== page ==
Even if the form is to be used primarily for assessing minimal competency or "adequate" job performance, it should contain item response options that address the full range of evaluation from unsatisfactory to outstanding and/or highly creative performance. This expands the potential usefulness of the assessment process as a positive strategy for facilitating ongoing counselor growth and development.

CONDUCTING THE ASSESSMENT

It is important to be open and specific about the purpose of a performance assessment. Counselors should know if it will be used to determine promotions or pay increases, to provide constructive feedback for professional development, or simply to meet administrative requirements. They also should know what instrument will be used, who will conduct the assessment, when it will be conducted, and when they will be informed of the results. Conducting the assessment collaboratively, with counselors and assessors responding to and discussing each item, is highly recommended.

USING ASSESSMENT RESULTS

Performance assessment can be time-consuming for both the assessor and assessee; to be cost-effective, it should serve as many people in as many ways as possible. Viewed positively and constructively, a performance assessment can go well beyond a pro forma documentation of minimal competency. It can address new and emerging areas of professional expertise and can serve as a challenge to maximize the ongoing professional development of even the most competent and experienced counselor.

FOR MORE INFORMATION

Atkinson, Donald R., and others. "A Four-Component Model for Proactive Accountability in School Counseling." SCHOOL COUNSELOR 26 (March 1979):222-228.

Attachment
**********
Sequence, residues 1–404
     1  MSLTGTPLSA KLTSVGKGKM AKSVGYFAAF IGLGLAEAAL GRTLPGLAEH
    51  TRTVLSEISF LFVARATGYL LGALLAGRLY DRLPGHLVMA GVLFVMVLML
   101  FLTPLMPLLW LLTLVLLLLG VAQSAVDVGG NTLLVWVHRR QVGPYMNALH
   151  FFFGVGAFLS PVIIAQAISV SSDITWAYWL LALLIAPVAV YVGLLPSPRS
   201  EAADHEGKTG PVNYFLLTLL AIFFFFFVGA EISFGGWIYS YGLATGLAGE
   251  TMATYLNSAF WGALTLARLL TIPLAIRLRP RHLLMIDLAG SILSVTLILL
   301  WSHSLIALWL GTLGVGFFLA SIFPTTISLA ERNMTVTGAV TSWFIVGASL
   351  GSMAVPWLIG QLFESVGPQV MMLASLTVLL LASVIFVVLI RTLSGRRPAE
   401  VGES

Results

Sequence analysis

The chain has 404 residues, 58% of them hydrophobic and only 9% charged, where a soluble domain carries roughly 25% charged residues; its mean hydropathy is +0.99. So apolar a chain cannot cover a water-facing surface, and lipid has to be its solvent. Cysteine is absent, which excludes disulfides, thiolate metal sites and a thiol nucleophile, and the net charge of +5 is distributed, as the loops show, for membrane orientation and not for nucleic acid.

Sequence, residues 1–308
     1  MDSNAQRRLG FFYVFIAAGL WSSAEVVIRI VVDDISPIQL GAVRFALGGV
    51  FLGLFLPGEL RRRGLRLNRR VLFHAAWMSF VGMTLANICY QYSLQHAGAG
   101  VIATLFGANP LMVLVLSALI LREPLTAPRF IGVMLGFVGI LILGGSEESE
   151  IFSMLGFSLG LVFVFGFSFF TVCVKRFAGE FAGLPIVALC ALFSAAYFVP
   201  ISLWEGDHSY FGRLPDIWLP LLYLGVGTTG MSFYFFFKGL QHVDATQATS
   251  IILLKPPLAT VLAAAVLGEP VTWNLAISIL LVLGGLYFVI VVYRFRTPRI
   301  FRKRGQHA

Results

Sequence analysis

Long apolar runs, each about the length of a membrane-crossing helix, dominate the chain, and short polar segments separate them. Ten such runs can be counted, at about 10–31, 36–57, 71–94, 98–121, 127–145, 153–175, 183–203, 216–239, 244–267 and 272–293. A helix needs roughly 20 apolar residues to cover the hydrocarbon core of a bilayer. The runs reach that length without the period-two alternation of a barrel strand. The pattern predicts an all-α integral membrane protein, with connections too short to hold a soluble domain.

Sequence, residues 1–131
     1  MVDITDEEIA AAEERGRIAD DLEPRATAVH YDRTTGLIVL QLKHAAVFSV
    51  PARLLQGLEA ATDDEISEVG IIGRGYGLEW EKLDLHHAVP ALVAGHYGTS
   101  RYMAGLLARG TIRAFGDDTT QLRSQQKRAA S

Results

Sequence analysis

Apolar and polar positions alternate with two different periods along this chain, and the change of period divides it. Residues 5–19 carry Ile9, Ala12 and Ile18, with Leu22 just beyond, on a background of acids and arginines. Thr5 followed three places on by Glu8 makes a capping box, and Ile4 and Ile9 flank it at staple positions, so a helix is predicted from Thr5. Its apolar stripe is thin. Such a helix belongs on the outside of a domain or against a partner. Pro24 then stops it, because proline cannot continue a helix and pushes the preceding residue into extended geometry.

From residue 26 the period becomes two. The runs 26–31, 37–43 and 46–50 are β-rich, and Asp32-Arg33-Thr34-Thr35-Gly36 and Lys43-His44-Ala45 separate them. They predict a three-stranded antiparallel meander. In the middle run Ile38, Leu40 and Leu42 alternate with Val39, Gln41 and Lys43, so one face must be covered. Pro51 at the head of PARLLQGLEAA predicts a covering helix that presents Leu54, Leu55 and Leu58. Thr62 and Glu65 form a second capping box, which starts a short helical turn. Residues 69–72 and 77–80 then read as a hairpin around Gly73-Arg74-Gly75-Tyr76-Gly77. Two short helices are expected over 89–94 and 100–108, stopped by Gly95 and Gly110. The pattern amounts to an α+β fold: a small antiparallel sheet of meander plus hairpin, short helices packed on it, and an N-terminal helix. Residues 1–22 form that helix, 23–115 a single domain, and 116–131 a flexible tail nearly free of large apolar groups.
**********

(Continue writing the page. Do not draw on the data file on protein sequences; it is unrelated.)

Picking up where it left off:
Baker, Stanley B. "Accountability for School Counseling Programs." Paper presented at the annual convention of the American Personnel and Guidance Association, St. Louis, Missouri, April 12-15, 1981. ED 208 309.

GUIDE FOR THE DEVELOPMENT OF A COUNSELOR EVALUATION PLAN, A. Falls Church, VA: American School Counselor Association, 1981.

Hayden, Charles, and Neil Pohlmann. "Accountability and Evaluation: Necessary for the Survival of Guidance Programs?" NASSP BULLETIN 65 (October 1981): 60-63.

Knapper, Everett Q. "Counselor Accountability." PERSONNEL AND GUIDANCE JOURNAL 57 (September 1978): 27-30.

McIntire, Ronald G., and Martha J. Wong. COUNSELOR QUALITY ASSURANCE PROGRAM MANUAL. Houston, TX: Houston Independent School District, 1983. ED 238 165.

Norris, Carol A., and Mary Jane Finley. EVALUATION OF GUIDANCE AND COUNSELING PROGRAM DESCRIPTION BOOKLET: EFFECTIVENESS OF COUNSELOR ACTIVITIES. RESEARCH SERVICES REPORT NO. 22:05:81/82:011. Phoenix, AZ: Phoenix Union High School District, 1982. ED 223 934.

Peterson, Gary W., and Harman D. Burck. "A Competency Approach to Accountability in Human Service Programs." PERSONNEL AND GUIDANCE JOURNAL 60 (April 1982):491-495.

PROMISING PRACTICES: CRITERIA FOR EXCELLENCE IN GUIDANCE AND COUNSELING. Juneau, AK: Alaska State Department of Education, 1981.

Wiggins, James D. "Steps to Take in Evaluating a School's Guidance Program." NASSP BULLETIN 65 (October 1981):29-33.

This Digest was prepared for the ERIC Clearinghouse on Counseling and Personnel Services, 1984.

Library Reference Search
 

Please note that this site is privately owned and is in no way related to any Federal agency or ERIC unit.  Further, this site is using a privately owned and located server. This is NOT a government sponsored or government sanctioned site. ERIC is a Service Mark of the U.S. Government. This site exists to provide the text of the public domain ERIC Documents previously produced by ERIC.  No new content will ever appear here that would in any way challenge the ERIC Service Mark of the U.S. Government.